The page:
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Tackling the opioid epidemic in rural America

Tackling the opioid epidemic in rural America

I am always on the lookout for real-life physician heroes; they inspire me personally and professionally. Today I am sharing a compelling story about Dr. Nicole Gastala, a family physician in rural Iowa. Dr. Gastala is among a small cadre of primary care physicians prescribing buprenorphine to suppress cravings and withdrawal symptoms associated with opioid addiction. While buprenorphine is a key method to reducing the opioid epidemic, only five percent of the nation’s doctors are licensed to prescribe this drug. In rural communities, doctors who are certified to prescribe medications like buprenorphine are especially scarce.

pill bottle with a single pill inside.

Deaths from opioids have been rising sharply for years. There are now more than 100 deaths caused by opioids each day. It is estimated that the toll could spike to 500,000 deaths in the next decade. Most students and physicians are not prepared to treat addiction, or opioid use disorder. Despite this, Dr. Gastala is filling a void in her rural community. She is folding addiction treatment into an already busy family medicine practice. She engages patients, asks about their support system and helps plan long-term goals. She demonstrates empathy—meeting patients with an open mind and being okay with where they are in their recovery process. A recent New England Journal of Medicine perspective addresses the myths and realities of buprenorphine treatment in primary care and offers suggestions for responses from physicians and others.

The Texas A&M Health Science Center, through our Opioid Task Force, is taking up the challenge. Our multidisciplinary task force has representatives from all five health sciences colleges. The task force serves as a research, education and practice hub critical to address the opioid epidemic and its impact on persons, families, communities and the entire health care system.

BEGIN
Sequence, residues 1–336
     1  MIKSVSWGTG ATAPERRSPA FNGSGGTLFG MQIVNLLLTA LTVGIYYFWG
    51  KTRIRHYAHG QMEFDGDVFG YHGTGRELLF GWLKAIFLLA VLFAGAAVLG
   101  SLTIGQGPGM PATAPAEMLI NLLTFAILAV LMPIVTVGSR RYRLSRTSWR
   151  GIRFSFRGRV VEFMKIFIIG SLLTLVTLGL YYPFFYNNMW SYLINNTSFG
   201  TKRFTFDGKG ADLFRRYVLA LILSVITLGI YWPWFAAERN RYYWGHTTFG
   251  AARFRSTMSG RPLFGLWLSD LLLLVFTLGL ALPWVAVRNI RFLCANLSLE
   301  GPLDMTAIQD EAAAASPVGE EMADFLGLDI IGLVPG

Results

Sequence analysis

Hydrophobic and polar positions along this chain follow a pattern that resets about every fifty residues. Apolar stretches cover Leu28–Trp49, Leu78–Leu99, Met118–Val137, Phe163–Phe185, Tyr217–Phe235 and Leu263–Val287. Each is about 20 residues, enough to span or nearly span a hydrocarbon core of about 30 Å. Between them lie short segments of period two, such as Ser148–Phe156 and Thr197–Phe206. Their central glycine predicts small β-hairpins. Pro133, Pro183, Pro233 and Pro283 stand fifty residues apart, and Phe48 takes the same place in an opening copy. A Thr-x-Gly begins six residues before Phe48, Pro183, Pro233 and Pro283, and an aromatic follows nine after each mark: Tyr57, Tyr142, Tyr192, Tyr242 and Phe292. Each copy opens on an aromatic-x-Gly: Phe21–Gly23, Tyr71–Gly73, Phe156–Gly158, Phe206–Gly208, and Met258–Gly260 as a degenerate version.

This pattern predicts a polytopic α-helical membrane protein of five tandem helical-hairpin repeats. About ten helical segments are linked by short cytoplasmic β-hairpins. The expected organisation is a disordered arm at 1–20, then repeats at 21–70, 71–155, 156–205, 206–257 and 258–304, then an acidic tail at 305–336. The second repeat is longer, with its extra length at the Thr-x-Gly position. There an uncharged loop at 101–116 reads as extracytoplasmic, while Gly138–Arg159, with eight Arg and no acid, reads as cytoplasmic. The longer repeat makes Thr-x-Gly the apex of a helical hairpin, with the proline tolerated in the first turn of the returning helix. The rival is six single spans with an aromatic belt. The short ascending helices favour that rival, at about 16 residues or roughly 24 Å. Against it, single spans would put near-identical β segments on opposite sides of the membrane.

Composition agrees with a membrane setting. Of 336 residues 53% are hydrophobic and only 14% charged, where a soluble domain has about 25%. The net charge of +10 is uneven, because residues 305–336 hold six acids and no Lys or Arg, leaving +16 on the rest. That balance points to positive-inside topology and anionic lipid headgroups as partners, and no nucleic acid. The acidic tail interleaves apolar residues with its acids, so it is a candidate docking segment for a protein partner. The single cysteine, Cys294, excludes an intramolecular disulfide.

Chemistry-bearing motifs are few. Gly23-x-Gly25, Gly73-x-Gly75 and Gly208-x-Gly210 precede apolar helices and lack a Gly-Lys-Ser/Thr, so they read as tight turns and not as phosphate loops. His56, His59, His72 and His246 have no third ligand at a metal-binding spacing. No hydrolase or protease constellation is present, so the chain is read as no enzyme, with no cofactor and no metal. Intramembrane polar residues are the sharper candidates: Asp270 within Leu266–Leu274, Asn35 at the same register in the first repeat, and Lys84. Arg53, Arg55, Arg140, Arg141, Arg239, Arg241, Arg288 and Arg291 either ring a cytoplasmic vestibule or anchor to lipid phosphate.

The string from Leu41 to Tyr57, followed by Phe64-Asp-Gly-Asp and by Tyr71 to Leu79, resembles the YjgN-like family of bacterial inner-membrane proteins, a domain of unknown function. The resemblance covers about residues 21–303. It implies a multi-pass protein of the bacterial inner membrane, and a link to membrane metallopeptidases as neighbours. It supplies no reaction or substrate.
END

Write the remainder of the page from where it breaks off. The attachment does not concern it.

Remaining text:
Our task force is already gauging implications of the opioid epidemic in current medical practice. In a survey of Texas primary care physicians, the task force found that more than 70 percent of primary care doctors received too little or no training at all during medical school or residency on patient education of pain management or opioid prescriptions. Only 29 percent indicated they felt very confident in their ability to prescribe opioids safely. There is much work to be done to close the gaps that currently exist in opioid management and treatment knowledge. The task force is currently developing continuing education materials for physicians, dentists and pharmacists that will be shared widely. We want to deliver significant support for providers, like Dr. Nicole Gastala, who are making a profound difference in rural communities across the nation. This is a first step. There will be many more opportunities to advocate, educate, conduct research, and provide clinical care in an effort to stem the epidemic. If you are interested in contributing to the Opioid Task Force’s mission, I encourage you to apply to become a student ambassador. Membership is open to all health sciences students across our five colleges.

Dr. Gastala states in the New York Times piece that she had no interest in treating addiction until she arrived in rural Iowa. She felt the personal responsibility to step up and meet the medical needs of her patients. This is a reality of medicine, especially for those practicing on the front lines. In my career, I have seen physicians step up to care for those with HIV, Ebola, and other marginalized populations. The U.S. needs more providers like Dr. Gastala to effectively address the opioid epidemic plaguing our nation.

As a physician, will you do the work others might shy away from? Please share your experiences or thoughts on how primary care physicians can champion care and provide necessary treatment for those struggling with addiction.

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